Biomimetic refers to human-made processes, substances, devices, or systems that imitate nature. The art and science of designing and building biomimetic apparatus is called biomimetics, and is of special interest to researchers in nanotechnology, robotics, artificial intelligence (AI), the medical industry, and the military.
Some biomimetic processes have been in use for years. An example is the artificial synthesis of certain vitamins and antibiotics. More recently, biomimetics have been suggested as applicable in the design of machine vision systems, machine hearing systems, signal amplifiers, navigational systems, and data converters. The neural network (which has suffered through on-again, off-again status in the opinions of prominent researchers) is a hypothetical biomimetic computer that works by making associations and educated guesses, and that can learn from its own mistakes.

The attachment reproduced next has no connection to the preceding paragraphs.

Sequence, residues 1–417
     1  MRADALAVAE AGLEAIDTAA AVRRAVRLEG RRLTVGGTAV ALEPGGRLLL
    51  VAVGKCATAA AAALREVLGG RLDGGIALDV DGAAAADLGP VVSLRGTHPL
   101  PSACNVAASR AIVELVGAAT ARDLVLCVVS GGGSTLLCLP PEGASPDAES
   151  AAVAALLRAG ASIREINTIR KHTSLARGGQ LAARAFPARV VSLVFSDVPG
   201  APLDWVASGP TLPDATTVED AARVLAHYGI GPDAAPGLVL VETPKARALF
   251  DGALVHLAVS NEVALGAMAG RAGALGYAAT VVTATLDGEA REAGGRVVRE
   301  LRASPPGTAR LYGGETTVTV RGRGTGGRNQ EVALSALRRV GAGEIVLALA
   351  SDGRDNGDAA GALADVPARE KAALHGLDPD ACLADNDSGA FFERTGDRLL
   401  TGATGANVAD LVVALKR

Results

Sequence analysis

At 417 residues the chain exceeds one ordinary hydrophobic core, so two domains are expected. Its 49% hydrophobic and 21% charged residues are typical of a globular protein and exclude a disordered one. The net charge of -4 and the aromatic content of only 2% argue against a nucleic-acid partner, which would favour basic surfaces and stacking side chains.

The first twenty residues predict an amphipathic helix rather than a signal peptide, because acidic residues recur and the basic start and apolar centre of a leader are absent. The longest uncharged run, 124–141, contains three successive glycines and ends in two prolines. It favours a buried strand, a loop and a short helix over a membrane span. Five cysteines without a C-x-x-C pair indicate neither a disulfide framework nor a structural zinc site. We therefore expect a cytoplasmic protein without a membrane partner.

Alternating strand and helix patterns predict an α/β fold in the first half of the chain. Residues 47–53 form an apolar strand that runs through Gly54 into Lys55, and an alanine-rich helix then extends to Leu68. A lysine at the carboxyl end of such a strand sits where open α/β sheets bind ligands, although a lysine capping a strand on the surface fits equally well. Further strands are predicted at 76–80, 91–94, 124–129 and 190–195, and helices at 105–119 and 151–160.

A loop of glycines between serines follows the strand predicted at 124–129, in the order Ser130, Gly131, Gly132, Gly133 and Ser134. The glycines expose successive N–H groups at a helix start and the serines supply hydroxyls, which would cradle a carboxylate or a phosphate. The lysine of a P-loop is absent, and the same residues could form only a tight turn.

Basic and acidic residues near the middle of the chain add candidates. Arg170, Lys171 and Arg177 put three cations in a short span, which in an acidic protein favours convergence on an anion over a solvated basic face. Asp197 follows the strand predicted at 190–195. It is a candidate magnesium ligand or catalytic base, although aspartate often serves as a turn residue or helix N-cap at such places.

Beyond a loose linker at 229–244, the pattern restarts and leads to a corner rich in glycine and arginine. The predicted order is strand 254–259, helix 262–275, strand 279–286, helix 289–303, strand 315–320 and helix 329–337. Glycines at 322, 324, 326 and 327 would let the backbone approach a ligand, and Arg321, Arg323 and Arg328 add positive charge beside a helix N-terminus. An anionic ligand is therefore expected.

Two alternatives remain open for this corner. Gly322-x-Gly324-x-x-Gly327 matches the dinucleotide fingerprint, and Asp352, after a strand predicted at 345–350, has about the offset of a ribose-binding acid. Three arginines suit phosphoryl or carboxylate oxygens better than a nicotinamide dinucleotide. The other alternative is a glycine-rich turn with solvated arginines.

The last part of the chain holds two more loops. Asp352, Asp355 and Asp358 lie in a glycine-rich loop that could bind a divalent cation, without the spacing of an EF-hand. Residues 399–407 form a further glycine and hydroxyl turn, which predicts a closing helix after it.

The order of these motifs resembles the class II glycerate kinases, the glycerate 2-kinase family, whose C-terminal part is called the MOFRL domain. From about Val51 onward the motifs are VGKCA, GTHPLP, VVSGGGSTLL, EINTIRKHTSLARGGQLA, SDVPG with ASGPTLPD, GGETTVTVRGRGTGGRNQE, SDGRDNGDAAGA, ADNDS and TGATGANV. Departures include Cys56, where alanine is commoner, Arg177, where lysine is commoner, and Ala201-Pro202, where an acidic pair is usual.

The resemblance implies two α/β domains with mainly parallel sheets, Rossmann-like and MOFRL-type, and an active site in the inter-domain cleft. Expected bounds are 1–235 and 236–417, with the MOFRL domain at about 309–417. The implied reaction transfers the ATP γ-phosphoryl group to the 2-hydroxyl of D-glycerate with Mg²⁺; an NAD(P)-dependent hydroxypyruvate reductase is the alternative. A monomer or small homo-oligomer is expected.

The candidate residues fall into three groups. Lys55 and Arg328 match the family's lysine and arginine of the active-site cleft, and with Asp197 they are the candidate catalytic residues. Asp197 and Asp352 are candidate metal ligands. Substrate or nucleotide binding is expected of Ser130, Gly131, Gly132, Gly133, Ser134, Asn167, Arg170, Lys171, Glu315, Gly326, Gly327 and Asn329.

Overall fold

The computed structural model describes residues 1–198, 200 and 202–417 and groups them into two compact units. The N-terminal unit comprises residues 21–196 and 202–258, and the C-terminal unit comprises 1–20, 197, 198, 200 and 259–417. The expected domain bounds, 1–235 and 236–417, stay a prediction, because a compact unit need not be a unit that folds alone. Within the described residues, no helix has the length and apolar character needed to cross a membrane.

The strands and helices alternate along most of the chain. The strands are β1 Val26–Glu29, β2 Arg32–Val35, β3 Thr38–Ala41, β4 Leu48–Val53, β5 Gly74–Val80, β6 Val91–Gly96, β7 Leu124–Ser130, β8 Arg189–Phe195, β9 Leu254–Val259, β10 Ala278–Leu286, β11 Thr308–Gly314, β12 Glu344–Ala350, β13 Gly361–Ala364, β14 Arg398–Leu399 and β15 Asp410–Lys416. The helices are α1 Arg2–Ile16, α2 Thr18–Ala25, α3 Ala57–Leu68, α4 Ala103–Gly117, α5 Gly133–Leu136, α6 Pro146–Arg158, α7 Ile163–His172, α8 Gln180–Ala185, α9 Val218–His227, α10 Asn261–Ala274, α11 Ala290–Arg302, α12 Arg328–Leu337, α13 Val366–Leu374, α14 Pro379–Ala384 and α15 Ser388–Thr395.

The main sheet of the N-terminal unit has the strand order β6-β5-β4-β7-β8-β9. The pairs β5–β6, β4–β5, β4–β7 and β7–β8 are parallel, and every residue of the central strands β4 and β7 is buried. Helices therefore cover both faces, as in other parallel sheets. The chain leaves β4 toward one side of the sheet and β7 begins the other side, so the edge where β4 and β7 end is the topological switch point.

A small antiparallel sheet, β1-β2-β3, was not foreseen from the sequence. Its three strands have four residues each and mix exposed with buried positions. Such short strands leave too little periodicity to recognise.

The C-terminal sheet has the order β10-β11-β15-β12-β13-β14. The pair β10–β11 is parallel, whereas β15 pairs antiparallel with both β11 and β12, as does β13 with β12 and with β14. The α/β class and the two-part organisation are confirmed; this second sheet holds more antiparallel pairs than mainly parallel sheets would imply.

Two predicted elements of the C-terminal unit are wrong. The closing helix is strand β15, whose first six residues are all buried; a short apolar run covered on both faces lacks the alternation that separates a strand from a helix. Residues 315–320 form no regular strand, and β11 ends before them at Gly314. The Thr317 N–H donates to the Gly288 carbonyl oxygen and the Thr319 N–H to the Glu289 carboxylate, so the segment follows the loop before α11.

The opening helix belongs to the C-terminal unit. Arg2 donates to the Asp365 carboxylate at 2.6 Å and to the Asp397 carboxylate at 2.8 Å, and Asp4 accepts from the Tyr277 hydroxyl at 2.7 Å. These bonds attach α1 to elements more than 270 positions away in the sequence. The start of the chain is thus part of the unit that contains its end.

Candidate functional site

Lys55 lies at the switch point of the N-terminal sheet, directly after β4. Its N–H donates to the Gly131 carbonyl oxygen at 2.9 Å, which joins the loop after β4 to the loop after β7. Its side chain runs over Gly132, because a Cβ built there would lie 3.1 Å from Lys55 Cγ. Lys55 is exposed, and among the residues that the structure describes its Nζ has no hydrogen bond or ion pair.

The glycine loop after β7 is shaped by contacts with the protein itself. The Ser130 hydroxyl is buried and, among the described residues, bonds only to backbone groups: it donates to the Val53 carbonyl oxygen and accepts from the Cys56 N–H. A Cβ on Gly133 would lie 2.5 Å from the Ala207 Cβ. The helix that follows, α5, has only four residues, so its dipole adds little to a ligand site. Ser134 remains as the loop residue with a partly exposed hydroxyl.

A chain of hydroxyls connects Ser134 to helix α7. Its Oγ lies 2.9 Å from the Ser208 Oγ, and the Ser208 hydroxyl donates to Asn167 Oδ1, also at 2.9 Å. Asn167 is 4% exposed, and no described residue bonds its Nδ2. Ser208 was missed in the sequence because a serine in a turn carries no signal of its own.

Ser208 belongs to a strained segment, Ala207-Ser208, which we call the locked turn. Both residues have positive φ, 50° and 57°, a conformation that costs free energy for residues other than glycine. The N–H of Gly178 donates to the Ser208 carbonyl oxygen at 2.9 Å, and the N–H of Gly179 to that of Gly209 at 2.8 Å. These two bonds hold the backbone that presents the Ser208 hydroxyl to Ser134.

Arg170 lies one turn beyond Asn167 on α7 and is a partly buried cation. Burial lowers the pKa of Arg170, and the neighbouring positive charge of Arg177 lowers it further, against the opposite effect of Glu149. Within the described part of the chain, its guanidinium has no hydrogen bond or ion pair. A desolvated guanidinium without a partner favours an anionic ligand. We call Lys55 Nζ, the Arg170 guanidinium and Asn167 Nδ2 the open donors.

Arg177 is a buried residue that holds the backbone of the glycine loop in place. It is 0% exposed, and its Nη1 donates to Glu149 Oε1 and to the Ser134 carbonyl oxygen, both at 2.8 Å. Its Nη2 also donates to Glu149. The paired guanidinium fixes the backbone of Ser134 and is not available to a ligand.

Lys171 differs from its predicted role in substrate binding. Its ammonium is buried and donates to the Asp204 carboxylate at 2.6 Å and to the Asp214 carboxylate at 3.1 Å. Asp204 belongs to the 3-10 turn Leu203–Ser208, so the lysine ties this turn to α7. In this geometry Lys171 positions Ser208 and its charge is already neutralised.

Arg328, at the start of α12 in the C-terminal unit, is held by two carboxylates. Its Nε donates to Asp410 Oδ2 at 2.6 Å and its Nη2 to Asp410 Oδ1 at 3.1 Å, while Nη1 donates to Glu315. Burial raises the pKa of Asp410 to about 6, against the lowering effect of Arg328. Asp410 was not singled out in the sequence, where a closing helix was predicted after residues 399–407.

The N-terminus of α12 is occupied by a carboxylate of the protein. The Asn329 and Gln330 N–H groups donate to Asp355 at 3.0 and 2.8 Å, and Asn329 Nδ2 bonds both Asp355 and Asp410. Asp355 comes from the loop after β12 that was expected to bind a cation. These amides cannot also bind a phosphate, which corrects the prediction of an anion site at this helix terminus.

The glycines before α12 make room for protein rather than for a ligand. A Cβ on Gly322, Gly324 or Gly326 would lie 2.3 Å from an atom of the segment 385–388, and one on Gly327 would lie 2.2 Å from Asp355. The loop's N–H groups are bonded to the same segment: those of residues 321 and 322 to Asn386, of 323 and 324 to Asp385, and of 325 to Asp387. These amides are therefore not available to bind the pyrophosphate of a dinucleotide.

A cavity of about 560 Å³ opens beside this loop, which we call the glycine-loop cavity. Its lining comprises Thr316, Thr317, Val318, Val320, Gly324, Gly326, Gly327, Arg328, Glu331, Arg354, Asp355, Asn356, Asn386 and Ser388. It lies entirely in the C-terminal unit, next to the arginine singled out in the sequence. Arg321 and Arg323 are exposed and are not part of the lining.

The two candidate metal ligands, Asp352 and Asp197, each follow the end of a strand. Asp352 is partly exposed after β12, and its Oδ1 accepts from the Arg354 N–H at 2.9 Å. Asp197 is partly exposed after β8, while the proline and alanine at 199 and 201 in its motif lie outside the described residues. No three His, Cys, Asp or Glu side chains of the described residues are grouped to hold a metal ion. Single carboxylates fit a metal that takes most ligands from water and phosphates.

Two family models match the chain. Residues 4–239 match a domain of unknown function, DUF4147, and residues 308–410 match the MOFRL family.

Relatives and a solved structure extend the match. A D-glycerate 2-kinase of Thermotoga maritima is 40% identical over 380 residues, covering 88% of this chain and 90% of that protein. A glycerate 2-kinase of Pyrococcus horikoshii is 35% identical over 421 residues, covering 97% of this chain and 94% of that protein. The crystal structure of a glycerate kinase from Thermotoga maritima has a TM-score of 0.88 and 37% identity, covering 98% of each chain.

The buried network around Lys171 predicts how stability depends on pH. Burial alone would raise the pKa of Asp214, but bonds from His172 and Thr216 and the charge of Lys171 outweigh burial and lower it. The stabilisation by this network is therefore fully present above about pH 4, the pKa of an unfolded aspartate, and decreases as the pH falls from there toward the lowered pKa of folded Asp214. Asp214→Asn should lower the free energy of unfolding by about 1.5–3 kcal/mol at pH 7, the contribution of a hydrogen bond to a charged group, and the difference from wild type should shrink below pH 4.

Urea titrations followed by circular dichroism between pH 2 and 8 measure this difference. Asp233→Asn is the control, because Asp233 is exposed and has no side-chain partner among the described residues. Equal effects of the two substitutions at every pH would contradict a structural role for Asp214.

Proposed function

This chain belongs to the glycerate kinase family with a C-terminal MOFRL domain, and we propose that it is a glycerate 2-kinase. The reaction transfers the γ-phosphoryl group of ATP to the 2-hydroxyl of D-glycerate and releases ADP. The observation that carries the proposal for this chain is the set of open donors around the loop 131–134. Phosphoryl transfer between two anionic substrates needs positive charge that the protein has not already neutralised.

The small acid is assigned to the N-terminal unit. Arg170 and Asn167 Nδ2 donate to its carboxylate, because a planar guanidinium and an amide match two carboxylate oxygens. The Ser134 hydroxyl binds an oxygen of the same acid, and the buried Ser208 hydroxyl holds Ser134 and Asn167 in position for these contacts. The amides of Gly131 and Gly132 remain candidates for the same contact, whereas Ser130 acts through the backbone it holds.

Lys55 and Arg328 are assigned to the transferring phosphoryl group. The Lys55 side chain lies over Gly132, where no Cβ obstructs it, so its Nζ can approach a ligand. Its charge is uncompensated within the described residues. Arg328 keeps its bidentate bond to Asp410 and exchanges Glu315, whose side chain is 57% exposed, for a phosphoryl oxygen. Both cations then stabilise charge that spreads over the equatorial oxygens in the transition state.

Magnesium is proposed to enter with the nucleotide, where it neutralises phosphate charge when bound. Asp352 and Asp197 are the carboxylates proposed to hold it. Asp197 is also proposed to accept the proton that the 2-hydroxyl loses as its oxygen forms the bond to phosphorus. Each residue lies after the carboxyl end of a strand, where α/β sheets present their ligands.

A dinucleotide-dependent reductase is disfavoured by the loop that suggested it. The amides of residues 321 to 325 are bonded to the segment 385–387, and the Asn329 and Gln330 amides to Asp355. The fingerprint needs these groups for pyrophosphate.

Other possible applications of biomimetics include nanorobot antibodies that seek and destroy disease-causing bacteria, artificial organs, artificial arms, legs, hands, and feet, and various electronic devices. One of the more intriguing ideas is the so-called biochip , a microprocessor that grows from a starter crystal in much the same way that a seed grows into a tree, or a fertilized egg grows into an embryo.